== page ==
If a spider behaved like that and actually attacked everyone near it, it would never live long enough to reproduce and pass one the genes responsible for that aggressive disposition. Spiders aren’t like wasps or bees, they don’t have altruistic behavior where they will sacrifice their life to protect non-offspring spiders. This is because bee workers and wasp workers are all sterile females, they cannot mate, the queen produced them, and produces all the eggs, and thus by the worker giving its life to protect the hive, it is helping it’s genetic information be passed on. Those altruistic traits are beneficial because the worker couldn’t mate anyway. Spiders don’t work like that, they will only sacrifice themselves to enhance the chance of their offspring succeeding. Even social spiders (Which you don’t have to worry about, none in USA are medically significant) don’t behave that altruistically.

A spider will not attack you unprovoked. In all my years working outside, I have never once been bitten while following the “rules” and not doing anything stupid.

damned-to-be  asked:

Could that humpback whale story be considered proof of sapient behavior. Like perhaps the reason their performing such altruistic behavior even if it costs them their own life is because it's the right thing to do. Sounds very like humans

It’s definitely not anything near being considered proof of sapience. We don’t even know enough to say that it’s a cultural choice or a personal one as opposed to instinctive behavior at this point due to the observational nature of the research. If we could show the whales were making an active choice to engage rather than acting on impulse, we could show it ‘proves’ sentient behavior. 

Honestly, I’d rather it not show proof of sapient behavior because I highly doubt that whales think like people do. I can’t imagine an animal with a world that’s so different from anything human having an internal experience at all analogous to us, and I think it’s kind of cheapening what amazing things their consciousness might be to try to say they’re ‘human-like’.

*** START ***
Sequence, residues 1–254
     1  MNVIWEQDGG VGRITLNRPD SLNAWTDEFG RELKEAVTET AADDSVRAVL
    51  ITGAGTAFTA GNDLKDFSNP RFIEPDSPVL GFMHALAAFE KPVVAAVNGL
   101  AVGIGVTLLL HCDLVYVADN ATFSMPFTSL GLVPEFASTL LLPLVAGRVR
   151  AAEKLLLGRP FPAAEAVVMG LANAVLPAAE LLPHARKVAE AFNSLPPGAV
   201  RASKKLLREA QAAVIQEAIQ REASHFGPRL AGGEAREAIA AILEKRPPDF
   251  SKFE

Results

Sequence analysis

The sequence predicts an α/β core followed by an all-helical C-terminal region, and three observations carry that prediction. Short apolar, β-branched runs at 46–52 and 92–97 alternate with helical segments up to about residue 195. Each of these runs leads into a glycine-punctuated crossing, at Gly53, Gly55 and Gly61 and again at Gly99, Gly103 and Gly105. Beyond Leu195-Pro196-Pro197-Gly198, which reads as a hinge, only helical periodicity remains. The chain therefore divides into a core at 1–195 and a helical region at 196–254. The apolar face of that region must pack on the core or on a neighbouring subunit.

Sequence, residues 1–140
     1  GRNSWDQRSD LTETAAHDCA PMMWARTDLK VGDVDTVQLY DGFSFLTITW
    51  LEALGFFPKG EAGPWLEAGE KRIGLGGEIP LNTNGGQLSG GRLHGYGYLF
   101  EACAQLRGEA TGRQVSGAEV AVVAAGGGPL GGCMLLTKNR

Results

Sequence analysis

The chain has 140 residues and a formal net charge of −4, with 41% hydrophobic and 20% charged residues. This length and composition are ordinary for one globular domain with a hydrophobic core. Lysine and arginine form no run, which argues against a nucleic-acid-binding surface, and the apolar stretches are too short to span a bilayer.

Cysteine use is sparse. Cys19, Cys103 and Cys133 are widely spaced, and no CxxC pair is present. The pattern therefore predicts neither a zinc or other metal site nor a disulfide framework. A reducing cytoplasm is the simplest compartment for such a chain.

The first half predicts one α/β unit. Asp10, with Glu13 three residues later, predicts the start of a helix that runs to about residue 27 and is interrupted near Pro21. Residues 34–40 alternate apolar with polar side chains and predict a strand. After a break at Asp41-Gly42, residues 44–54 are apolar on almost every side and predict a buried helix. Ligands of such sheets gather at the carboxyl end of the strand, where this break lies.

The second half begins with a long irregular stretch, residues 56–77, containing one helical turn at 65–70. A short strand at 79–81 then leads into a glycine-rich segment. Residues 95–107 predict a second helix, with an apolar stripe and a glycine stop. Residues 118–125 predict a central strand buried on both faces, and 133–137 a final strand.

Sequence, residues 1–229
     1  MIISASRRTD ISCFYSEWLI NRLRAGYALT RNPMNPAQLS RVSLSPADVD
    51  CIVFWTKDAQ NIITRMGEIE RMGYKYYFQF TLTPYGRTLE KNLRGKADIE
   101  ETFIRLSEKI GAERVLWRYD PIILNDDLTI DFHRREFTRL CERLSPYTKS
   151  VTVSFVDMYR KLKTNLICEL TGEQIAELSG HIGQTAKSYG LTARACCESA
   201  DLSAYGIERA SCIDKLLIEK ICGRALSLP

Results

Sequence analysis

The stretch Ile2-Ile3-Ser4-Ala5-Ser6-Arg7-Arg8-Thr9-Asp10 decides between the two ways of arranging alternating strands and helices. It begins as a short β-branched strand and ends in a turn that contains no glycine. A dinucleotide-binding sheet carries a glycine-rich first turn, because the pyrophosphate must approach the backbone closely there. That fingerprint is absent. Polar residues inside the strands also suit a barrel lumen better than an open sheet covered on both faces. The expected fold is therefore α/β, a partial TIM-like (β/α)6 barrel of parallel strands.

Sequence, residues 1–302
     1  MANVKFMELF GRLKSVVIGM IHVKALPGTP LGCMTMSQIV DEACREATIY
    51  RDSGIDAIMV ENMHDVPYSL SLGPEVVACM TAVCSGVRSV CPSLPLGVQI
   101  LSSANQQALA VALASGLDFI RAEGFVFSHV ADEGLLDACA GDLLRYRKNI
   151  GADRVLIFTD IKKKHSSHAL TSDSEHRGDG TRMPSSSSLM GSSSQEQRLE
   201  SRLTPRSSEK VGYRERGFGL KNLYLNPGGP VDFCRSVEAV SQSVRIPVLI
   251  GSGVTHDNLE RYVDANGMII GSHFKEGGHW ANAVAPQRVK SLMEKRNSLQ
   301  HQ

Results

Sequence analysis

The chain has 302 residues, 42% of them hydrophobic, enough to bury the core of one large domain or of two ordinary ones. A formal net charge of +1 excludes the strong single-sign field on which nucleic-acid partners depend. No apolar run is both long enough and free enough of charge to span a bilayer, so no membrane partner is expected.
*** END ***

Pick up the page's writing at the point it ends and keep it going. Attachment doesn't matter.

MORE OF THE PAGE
apologu-e  asked:

I feel very offended by your reply to the last anon in the form of the "good white person certificate" or whatever it was. I'm a white person and I don't have anything against black or any other race/colour/ethnicity ect for that matter so I don't think there is any need to stereotype all white people as 'racist' just because we don't all go and fight anti racism campaigns and human rights. Quite frankly neither do all black people so really you are being very hypocritical in my opinion.

if you had actually LOOKED at my blog , you would notice that i never replied but rather RE-blogged. Furthermore, I’m I supposed to feel sorry that that you feel ostracized because of the comment that was posted? OH I’M SORRY for not noticing your altruistic behavior when it comes to the black community or any other race. The type of behavior you have proceeded to show me on here, is the type of behavior a typical white person would have made when we (i.e the black community) or any other race proceed to make a COMMENT about how white people ALWAYS have to turn everything about them because their feelings are been ostracized about a matter that they CREATED within our black community. now sit, eject and log the fuck out because this conversation has official been over. Goodbye.

wardenshawke  asked:

hi, i'd like to clarify something you said on a recent ask re: homosexual behaviour. the phrase in question specifically: "Evolution does not work for the group. It works for the individual." i'm not an anthro major (i'm a psychy major), but from what i understand re: evolution so far, it works for the specie, ergo, the "group," & selection of traits works either on the individ. or grp level depending on the trait needed for max. adaptation. just hoping for a clarification, thanks. :-)

Thank you for asking because now I have the opportunity to explain, in detail, about why group selection is never the answer. SO. I want you to be prepared for a long ass post about group selection, brief mentions of kin selection, and the TL:DR which is essentially, group selection is not how evolution works and is never the answer. 

Buckle your seatbelts because ya’ll gon learn.